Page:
Abstract 9401: Risk of Acute Kidney Injury is Not Higher in Patients Who Undergo Coronary Angiography and Cardiac Surgery in Close Succession
Background Cardiac surgery and coronary angiography are both associated with higher risk of acute kidney injury (AKI). We hypothesized that the risk of postoperative AKI increases when coronary angiogram and cardiac surgery are performed in close succession, without sufficient time to allow kidney function to recover from the adverse effects of intravenous contrast.
Methods We included 2133 consecutive patients who underwent cardiac surgery at the Minneapolis Veterans Administration Medical Center from 2004 to 2010. The outcome variable was AKI as defined by the AKI network (increase in creatinine >0.3 mg/dl or >50% from baseline 48 hours after surgery or hemodialysis) and the Risk, Injury, Failure, Loss, End-stage (RIFLE) criteria. Estimated glomerular filtration rate (eGFR) was calculated by the Modification of Diet in Renal Disease (MDRD) method. Multivariable logistic regression analysis was used. Number of days between coronary angiogram and cardiac surgery was analyzed as a continuous variable.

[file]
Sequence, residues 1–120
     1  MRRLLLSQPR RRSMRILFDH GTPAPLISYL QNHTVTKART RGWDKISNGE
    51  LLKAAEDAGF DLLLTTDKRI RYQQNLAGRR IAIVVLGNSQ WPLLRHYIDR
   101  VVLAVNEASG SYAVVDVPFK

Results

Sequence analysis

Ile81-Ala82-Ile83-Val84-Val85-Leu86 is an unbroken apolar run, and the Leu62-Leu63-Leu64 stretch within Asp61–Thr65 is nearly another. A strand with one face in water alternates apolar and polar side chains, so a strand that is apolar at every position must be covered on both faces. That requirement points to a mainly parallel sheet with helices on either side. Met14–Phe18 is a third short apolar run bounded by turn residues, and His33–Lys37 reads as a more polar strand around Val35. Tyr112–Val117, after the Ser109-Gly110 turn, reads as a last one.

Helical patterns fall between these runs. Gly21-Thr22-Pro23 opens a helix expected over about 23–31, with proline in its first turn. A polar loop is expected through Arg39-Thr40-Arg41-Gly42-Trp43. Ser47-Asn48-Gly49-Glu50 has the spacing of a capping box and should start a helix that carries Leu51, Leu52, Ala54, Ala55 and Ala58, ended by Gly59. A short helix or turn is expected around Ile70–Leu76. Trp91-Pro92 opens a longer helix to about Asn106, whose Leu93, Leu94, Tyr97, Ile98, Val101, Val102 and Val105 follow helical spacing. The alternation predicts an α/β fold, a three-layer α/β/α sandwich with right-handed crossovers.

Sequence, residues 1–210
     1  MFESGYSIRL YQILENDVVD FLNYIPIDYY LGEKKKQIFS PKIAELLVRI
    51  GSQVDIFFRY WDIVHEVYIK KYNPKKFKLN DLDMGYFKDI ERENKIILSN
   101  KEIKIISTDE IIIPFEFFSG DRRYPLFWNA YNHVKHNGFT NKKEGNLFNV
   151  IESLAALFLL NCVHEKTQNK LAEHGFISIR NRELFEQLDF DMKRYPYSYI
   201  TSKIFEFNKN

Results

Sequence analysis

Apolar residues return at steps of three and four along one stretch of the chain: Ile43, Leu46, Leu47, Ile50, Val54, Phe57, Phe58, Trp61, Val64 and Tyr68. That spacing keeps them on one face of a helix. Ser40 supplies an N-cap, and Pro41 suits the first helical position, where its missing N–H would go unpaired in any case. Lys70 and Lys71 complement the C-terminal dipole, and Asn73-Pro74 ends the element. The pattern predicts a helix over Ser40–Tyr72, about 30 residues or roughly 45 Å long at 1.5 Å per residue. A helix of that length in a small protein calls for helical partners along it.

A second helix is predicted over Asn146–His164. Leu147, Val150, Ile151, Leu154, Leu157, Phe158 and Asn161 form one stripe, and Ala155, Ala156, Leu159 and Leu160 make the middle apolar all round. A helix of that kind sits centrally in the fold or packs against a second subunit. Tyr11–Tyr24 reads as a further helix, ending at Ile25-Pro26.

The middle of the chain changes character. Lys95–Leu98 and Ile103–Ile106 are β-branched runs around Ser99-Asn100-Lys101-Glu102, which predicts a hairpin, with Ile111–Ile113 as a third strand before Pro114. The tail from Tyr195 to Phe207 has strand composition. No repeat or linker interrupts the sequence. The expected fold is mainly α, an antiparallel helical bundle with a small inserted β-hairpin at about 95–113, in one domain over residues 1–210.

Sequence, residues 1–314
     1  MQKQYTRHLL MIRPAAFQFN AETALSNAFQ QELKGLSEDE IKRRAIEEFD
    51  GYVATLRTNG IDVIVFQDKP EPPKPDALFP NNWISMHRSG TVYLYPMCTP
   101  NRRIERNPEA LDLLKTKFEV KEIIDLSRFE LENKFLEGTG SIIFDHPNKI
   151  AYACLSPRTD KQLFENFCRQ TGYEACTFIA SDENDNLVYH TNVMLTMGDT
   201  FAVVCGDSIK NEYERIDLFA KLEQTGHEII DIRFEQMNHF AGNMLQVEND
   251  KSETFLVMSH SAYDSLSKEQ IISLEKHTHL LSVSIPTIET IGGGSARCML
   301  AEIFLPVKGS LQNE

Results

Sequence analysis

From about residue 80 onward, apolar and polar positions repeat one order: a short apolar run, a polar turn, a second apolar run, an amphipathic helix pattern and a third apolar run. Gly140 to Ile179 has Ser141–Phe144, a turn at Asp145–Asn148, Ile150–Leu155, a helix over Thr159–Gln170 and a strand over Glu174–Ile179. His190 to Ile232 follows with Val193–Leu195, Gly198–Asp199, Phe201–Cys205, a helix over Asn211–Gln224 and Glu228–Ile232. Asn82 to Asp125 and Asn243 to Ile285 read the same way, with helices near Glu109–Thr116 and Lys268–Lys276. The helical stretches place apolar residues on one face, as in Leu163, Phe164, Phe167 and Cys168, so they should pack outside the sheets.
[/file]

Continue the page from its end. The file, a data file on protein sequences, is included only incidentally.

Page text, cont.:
Results Patients were 66±10 years old. Mean preoperative creatinine and eGFR were 1.1±0.4 mg/dl and 75±22 ml/min/1.73 m2, respectively. Cardiac surgery was performed after a median 14 days (range 0-235) following coronary angiography. Of the 2133 patients, 680 (32%) met the AKI network definition, and 390 (18%) and 111 (5%) met the RIFLE risk and injury criteria of AKI, respectively. Age, body mass index, diabetes mellitus New York Heart Association class III/IV, cardiopulmonary bypass time, and impaired preoperative renal function (eGFR < 60 ml/min/1.73m2) were independent predictors of AKI. However, the time between coronary angiogram and cardiac surgery was not associated with AKI in univariable and multivariable analyses. Frequency of AKI was 35% in 433 patients who were operated within 3 days of coronary angiogram vs. 31% in 1700 patients who were operated after 3 days (p=0.17). Results were the same in subgroups of patients with impaired preoperative renal function and those who had contrast-induced nephropathy.
Conclusion Risk of AKI after cardiac surgery is not influenced by the time between coronary angiogram and cardiac surgery. There is no need to delay cardiac surgery for the sole purpose of renal recovery after coronary angiogram.
- © 2011 by American Heart Association, Inc.